As you prepare to undertake your kitchen renovation project, every detail counts when it comes to planning its layout. Your kitchen’s functionality depends on easy access and freedom of movement between appliances, cabinets and doorways without interfering with each other in order to create an optimal working environment.

It is essential to note where electrical outlets, switches, and plumbing fixtures are located as well as any obstacles or obstructions that might impede cabinet placement, appliance installation, countertops and pendants. Take precise measurements of aisles and height between counter and upper cabinets so appliances and worktops can be set up without issue.

Cabinet dimensions

As soon as measuring for cabinets begins, start with base cabinets along the walls, noting the dimensions and spacing between each cabinet. Measure from the floor to the bottom of upper cabinets to provide clearance for countertops and appliances, keeping in mind the height of ceiling when planning cabinet height.

Modern kitchens are made up of three different types of units – upper cupboards, floor cabinets and tall panties. Although widths can vary, other measurements must adhere to size standards to maintain functionality.

UnitHeightDepthWidth
Upper cabinets12″ – 4212″ – 18’’12″, 15″, 18″, 30″
Floor cabinets34’’ – 36’’24″12″, 15″, 18″, 30″
Pantry cabinets84″ – 90″15″, 18″, 24″24’’, 30″, 36″, 42″, 48″

There must be a distance between the counter and upper cabinets of 18″-24″. The standard space between upper and lower cabinets is 18″ because the wall cabinets that are directly adjacent to a range cannot be any lower than 18 “. 15” would not work in this situation, since it does not conform with building codes.

The clearance between countertops and cabinets could be reduced to 15″ if the person using the kitchen has vertical challenges. However, you will still need to install the range hood according to the building codes.

The clearances between a cooktop and a range hood above the cooking surfaces should meet safety standards – 30″ for an electric range and 36″ for a gas range. There should be at least a 15″ landing space on each side from the cooktop.

Fitting appliances space

2 wall kitchen ovens fit the cabinets

Keep in mind when planning your kitchen design that the majority of appliances are standard sizes. The average dishwasher is 24″ wide while microwaves and stoves are 30″ wide. The height and depth of refrigerators are variable, with the widths ranging from 36″ to 48″. To ensure the appliance you choose fits into the designated spaces, it is important to check the dimensions. Consider the space available and your requirements before selecting appliances. This will ensure that you have a functional kitchen layout.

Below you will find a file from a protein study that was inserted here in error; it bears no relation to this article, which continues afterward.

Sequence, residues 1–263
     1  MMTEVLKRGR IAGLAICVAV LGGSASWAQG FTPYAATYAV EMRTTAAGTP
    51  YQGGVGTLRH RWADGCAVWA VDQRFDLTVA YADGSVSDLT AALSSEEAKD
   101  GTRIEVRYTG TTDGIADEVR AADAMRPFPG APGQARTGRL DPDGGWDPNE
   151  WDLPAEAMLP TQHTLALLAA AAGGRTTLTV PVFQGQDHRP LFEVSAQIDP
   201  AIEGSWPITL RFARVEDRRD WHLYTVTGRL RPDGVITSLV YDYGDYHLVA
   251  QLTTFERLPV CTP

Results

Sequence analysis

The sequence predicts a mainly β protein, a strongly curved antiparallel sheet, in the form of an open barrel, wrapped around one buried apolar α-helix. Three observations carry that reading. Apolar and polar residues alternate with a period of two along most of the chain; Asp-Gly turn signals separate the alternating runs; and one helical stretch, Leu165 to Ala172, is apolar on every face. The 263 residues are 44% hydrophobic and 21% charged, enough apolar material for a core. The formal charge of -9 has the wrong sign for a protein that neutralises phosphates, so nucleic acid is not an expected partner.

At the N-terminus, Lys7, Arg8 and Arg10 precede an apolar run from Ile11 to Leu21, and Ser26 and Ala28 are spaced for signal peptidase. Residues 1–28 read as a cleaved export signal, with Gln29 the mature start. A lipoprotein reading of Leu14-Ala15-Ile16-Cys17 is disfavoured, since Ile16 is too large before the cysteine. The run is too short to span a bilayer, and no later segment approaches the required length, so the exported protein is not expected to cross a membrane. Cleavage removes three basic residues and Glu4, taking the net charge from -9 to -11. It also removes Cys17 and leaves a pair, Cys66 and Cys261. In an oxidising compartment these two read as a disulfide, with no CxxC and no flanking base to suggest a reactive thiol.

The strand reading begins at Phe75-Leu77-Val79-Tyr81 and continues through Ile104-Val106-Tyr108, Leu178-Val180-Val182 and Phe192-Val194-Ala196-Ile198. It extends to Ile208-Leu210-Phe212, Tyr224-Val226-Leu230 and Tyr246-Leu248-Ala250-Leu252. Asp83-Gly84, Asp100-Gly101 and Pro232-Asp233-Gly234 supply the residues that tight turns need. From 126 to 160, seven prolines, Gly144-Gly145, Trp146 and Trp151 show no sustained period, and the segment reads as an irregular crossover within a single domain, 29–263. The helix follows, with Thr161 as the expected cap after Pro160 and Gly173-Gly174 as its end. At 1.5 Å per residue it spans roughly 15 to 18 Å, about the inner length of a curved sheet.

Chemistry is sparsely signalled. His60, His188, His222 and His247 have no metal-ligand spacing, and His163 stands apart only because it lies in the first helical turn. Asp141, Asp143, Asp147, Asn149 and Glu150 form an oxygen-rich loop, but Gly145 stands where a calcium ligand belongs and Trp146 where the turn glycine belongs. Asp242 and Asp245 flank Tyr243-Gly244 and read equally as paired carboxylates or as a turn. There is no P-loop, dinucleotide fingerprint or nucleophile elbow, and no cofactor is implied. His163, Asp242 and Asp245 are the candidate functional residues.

When designing and installing cabinets yourself, you should allow for slightly different spaces for appliances such as the fridge, stove, dishwasher, and microwave. As a general rule, you should leave 1/4″ to 1/2″ more space between the appliance openings and their actual width. Consider leaving some extra space around the refrigerator to facilitate installation and allow proper ventilation.

Electrical outlets and switches 

In your kitchen, it is easy to forget about the GFCI outlets and light switches. These items are so common that we tend to overlook them because they are always “there” whenever you need them. 

Each municipality has specific requirements and codes in place for the installation of GFCI receptacles. Your electrician will know the exact distances required in your city. In general, one outlet is required for every 36 inches of counter space. Outlets are required to be 42″ away from the ground. One outlet should be placed at a distance of no more than 24″ from the sink. Ground fault current interrupter (GFCI) protection is required for all outlets used in the kitchen to prevent shock. Keep in mind that a separate range circuit is needed for the stove.

To determine the best switch location in a kitchen you should first consider the traffic patterns. Most kitchens contain two, or sometimes three entrances. The main ceiling lights should be located in an area that is easily accessible by each entrance. Usually, the undercabinet light is switched on somewhere near the cooking area on the backsplash. The switcher location for inside cabinet or accent lighting can be anywhere.

Ventilation

3 cooking without food odour with a good ventilation

Ventilation is an integral component of kitchens, particularly if you regularly cook and have strong odors that linger in the air. CFM (cubic feet per minute) is used to measure airflow or power within range hoods. A minimum exhaust rate in any given kitchen should be 100 CFM to effectively remove by-products of cooking, moisture and odor from the air.

A range hood with adequate CFM ratings ensures optimal ventilation, keeping the environment pleasant while creating an ideal cooking space. For example, if you frequently cook dishes with strong aromas, selecting a range hood with at least 350 CFM rating would be advised. Such a range hood can effectively manage increased air volumes while simultaneously eliminating persistent odors, grease particles and smoke from your kitchen environment.

Before choosing a range hood for your kitchen, take into account its size, your cooking habits, and what type of foods are typically prepared.